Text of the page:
Rentals in Stratford>Question Details

Eliot Walker, Renter in Stratford, CT

I need a 3- 4 br rent with option to buy in Stratford

Asked by Eliot Walker, Stratford, CT Sun Jul 22, 2012

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Ron Thomas’ answer
Lease/Option
You are desperate!
Your Credit or Finances, or both, will not allow you to go the conventional route:
You need the Seller to help you out!

The Seller will know it, and you are going to pay dearly for this service:
There aren't too many altruistic Sellers out there.

The terms that can be written into a Lease/Option can be dangerous to you:
How long is the Option period?
How much money are you putting in to the Option?
What happens if you are not able to execute the Option?
How do you know what your financial situation will be 2-5 years from now?
How much is the rent in the meantime?
Who will be responsible for maintenance and repair in the meantime?
What will be the Market Value of the home in 2-5 years?
What will be the Selling price 2-5 years from now?

This is the Ultimate Caveat Emptor!
0 votes Thank Flag Link Sun Aug 5, 2012
Hi Eliot,
I just want to make sure you are fully aware of all the pros and cons of rent to buy deals. Hope this information helps. Also, what are you looking to pay monthly? I may have a few places in Stratford that would work for you.
Here's how it works: Instead of outright purchasing a property, a potential buyer draws up a contract with a seller in which the monthly rental payments, based on the home's value and often above going rates, count toward an eventual sale. All rental payments made pay down the principle if the renter decides to exercise the pre-paid option--typically 1% of the sale price--to buy. The date at which the agreement expires varies by contract but is typically between two and five years. At that point, the renter can choose to buy the home at the original listed price minus the equity he or she has built. If not, then the homeowner has the option to evict them and keep all payments.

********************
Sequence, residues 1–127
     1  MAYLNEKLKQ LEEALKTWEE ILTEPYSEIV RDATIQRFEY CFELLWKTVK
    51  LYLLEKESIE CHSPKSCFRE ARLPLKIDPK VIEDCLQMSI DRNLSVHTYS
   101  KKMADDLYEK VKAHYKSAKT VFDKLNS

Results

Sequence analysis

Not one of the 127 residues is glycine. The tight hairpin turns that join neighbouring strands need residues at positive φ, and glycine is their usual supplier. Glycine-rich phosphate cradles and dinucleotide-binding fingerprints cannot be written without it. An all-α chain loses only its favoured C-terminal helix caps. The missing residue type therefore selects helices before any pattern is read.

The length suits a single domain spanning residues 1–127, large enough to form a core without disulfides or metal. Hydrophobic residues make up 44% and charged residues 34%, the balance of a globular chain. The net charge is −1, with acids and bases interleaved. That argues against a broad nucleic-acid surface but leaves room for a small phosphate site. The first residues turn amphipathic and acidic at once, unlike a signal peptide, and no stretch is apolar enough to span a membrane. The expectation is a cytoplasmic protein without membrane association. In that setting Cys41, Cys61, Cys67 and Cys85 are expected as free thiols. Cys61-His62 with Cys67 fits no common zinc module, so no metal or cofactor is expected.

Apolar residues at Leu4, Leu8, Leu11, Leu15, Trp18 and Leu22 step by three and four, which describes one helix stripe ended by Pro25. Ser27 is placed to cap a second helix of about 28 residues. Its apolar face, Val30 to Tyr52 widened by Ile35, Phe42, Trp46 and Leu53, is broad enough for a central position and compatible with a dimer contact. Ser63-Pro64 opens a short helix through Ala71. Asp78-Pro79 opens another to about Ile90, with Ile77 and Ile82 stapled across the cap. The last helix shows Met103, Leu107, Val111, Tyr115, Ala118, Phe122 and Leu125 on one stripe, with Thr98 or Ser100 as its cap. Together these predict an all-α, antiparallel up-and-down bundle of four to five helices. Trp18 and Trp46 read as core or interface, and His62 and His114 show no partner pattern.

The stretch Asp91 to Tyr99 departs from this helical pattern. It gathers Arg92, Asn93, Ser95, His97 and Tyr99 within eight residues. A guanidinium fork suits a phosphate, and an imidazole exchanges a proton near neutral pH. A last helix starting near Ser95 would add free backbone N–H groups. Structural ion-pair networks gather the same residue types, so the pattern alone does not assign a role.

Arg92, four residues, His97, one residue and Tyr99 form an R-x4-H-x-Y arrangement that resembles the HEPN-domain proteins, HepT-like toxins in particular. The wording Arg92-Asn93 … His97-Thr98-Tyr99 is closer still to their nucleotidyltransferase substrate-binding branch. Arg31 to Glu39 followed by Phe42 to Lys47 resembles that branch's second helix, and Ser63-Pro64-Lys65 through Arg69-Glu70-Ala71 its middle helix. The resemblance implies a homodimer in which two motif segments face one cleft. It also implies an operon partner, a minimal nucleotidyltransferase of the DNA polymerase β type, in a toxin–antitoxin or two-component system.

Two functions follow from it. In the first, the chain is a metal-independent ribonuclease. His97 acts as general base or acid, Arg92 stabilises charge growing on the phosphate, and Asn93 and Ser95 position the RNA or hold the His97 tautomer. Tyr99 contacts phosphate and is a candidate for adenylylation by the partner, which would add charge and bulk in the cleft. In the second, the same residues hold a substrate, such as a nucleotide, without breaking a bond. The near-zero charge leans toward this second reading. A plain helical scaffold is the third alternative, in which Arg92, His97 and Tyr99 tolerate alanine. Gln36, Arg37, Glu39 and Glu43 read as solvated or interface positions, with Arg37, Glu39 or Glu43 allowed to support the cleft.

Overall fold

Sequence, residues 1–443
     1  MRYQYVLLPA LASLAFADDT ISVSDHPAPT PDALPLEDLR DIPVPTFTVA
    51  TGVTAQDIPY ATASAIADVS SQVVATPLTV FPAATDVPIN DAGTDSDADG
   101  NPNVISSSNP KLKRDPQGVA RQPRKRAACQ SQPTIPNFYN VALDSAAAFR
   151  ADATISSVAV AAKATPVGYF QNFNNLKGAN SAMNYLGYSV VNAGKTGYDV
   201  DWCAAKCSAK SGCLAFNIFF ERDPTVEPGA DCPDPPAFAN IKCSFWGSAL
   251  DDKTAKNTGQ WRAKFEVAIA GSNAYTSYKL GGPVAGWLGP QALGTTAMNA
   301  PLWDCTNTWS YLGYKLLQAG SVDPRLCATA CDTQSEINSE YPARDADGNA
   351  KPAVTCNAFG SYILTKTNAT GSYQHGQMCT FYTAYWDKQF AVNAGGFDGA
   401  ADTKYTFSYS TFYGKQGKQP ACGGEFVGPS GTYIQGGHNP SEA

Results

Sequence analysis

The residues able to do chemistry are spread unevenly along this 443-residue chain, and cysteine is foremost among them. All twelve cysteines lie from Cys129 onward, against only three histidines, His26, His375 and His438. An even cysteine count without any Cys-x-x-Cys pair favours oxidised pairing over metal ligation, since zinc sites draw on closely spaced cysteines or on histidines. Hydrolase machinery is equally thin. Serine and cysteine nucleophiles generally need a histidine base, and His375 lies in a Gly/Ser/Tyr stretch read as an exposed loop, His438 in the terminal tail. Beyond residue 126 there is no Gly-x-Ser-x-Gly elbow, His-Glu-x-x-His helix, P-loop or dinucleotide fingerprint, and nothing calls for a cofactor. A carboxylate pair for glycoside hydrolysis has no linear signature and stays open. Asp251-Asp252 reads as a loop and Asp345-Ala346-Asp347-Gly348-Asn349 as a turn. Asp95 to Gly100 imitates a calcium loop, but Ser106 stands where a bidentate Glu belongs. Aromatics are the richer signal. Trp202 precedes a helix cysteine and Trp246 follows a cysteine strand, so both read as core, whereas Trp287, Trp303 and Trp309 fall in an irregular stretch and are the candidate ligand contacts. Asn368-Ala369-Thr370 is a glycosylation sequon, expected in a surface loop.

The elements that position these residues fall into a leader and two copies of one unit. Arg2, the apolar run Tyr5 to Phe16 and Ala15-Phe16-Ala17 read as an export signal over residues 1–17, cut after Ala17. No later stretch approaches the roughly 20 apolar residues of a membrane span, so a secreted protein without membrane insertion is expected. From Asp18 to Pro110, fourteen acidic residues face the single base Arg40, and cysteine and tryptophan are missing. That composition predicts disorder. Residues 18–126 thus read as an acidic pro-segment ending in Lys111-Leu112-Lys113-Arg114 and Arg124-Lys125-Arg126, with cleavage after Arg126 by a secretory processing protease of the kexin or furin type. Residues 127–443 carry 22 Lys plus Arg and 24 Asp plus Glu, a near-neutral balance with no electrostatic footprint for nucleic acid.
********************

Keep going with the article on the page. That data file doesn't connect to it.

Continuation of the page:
Of course, there are pitfalls. If a renter eventually decides not to buy, not only do his rental payments disappear, but the premium option fee he has paid for the right to buy also evaporates. In addition, if the price of the home goes down considerably over the next three years, then the renter has been paying a rate based on that amount and will find himself overcharged. On top of that, many contracts in rent-to-buy situations disallow late rental payments from counting toward an eventual sale. Those with punctuality problems might lose equity.
They can be helpful for those sitting on the fence but shouldn't be utilized by anyone who isn't serious about eventually buying the home. Rent-to-buy should be made as part of a plan to own a home, otherwise it will end up costing more money in fees and above-market rent payments. Make sure the eventual purchase is driving the decision to enter a rent-to-buy.
0 votes Thank Flag Link Sun Aug 5, 2012
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